About this site

Welcome to my site. My friends and I created this to share some of my work and - more importantly - to invite an exchange of ideas.

I've been a sociologist for a long time. and ventured into a number of different fields over the years: birth and midwifery (which I still think of as my home base); the new genetics and reproductive technologies; medical sociology; bioethics; issues in disability; adoption; race; and now food studies too. Some of you might know my work in one of these areas, others in a different area. What would be really interesting would be to have people talk, with each other and with me, across areas. I've tried, with some success over the years, to talk to midwives about genetics; to encourage people who do new reproductive technologies to think about home birth; to have bioethicists pay more attention to what medical sociology can offer; to get people in Food Studies thinking where midwifery issues overlap with their concerns. These are invariably the most fun and stimulating conversations I've ever been a part of. Connecting people, connecting ideas, weaving the webs that pull us together - nothing could make me happier. So this site, a gift from my friends, is my place to do this kind of weaving.

We've grouped my work by area - but please, if you're here because you have gotten anything useful out of my work in one area, do poke around for a minute in another. Bring your insights and wisdom and experience to a new place, a new issue. Let's see what we can weave together.

- Barbara Katz Rothman

Article: Writing Ourselves in Sociology

(See below for link to article)

I’ve spent a lot of time thinking about writing, thinking about the craft of it – because I’m teaching it. You really need to understand something if you have to teach it.

I developed a doctoral seminar on ‘Writing for Publication’ after a few of our students complained that there wasn’t enough mentoring for publishing. My first reaction to that was irritation: You’ve got to be kidding! I spend half my life doing that. But then I thought about it and realized that sure, I did that for my students, and some of my colleagues did it for theirs, but some of our students – well, they fell between the cracks. We no longer have an ‘old boys network’ that sees to it that upper class white men get the mentoring they need. But there still are networks – ‘interesting’ students, students doing ‘interesting’ work – they get mentored. But some people, maybe more shy, maybe doing work that doesn’t grab the attention of any of the faculty, they just muddle through, putting things together for themselves.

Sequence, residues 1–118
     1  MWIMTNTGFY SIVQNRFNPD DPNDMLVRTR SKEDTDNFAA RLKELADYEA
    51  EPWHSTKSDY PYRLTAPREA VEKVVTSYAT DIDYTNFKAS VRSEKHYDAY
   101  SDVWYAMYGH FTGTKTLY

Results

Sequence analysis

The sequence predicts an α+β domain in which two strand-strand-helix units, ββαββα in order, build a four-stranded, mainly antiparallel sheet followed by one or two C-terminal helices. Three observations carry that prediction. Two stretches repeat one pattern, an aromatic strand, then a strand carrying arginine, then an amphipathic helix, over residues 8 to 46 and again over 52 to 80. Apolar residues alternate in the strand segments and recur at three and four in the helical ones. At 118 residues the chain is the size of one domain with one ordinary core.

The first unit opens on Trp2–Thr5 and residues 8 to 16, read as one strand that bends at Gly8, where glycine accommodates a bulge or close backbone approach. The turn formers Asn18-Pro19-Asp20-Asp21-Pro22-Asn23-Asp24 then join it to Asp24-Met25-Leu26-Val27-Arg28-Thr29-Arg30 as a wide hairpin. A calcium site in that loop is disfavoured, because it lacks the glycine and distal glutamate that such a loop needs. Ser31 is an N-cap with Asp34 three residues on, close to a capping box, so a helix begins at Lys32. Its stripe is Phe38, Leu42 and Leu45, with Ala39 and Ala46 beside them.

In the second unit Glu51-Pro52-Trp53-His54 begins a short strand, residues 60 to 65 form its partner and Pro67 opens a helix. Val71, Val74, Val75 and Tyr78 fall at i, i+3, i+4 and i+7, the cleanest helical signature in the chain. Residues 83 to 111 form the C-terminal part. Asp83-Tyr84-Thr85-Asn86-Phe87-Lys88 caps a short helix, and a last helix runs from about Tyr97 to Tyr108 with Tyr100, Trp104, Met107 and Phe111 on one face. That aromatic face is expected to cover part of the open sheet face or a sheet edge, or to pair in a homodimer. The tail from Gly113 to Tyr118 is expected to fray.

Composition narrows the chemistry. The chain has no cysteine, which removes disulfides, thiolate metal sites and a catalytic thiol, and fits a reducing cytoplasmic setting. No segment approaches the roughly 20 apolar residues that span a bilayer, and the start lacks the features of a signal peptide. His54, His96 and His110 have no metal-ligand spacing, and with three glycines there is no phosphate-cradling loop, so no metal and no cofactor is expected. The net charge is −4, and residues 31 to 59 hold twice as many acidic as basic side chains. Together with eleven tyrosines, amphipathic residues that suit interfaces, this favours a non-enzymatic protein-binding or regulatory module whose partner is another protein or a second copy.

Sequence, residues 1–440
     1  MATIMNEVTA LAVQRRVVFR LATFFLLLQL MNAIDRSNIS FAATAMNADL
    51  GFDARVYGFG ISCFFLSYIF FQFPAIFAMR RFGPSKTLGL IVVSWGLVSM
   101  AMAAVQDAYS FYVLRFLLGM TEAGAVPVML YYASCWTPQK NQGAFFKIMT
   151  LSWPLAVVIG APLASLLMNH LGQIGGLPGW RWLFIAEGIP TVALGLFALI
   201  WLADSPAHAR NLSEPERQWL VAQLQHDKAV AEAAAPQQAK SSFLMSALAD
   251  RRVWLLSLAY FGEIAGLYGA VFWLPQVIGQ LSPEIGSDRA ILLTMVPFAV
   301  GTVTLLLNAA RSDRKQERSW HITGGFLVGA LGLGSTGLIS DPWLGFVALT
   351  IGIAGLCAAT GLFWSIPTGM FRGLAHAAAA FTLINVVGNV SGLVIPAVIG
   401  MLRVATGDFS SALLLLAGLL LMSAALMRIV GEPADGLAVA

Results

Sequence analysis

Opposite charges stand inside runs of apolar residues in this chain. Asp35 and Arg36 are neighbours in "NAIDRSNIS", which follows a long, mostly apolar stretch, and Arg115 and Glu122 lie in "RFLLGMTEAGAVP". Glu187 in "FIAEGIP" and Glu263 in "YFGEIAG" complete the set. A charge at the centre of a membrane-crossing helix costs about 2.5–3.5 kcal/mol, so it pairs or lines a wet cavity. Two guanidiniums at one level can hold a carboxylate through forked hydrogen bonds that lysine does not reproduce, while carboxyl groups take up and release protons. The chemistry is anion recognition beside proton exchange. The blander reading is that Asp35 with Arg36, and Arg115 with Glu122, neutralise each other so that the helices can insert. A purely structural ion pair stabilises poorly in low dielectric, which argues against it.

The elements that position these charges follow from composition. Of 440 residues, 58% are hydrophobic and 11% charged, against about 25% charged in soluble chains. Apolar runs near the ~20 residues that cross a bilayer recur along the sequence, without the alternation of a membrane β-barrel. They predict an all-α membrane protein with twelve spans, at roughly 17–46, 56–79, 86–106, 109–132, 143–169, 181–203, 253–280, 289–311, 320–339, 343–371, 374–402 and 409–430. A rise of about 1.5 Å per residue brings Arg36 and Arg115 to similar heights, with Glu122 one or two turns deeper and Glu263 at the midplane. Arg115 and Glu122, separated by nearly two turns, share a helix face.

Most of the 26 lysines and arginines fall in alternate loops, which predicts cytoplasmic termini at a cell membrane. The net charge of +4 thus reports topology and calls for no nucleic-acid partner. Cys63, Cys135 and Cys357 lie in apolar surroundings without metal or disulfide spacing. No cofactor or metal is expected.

So I developed this course, made mentoring for publication an entitlement – anyone who registered would get the mentoring. It required me to think through so many things, all mixed up with ordinary ones we always think about and new ones I’d never actually had to verbalize – how to title an article; how to choose journals for submissions, what works as a presented paper at a meeting, how much can you re-use material from one publication to another… on and on. The course is a year long – we meet every other week for a full academic year. It takes that long to grow publications; things planted in the fall don’t start flowering till spring.

Having done it as a course, I found myself doing it as short workshops at conferences. And suddenly a whole new set of ethical issues arose for me -- all kinds of ethical questions beyond simple IRB (Internal Review Board) questions about ‘protection of human subjects.’ For one thing, when I have a person taking the workshop whose work I don’t particularly admire – why on earth am I helping them publish it? Is that the right thing for me to be doing? I had that realization in a flash at a workshop at a meeting that will remain nameless: someone asked a question and I thought ‘why on god’s earth am I helping this jerk perpetuate this awful work?’ So now I am VERY selective about where I will do this workshop.

But this piece – I think it’s still OK. I am basically asking people to be more there, more present in their work. And that is something I want, both for the good people and, frankly even more so for the jerks.


Read article here.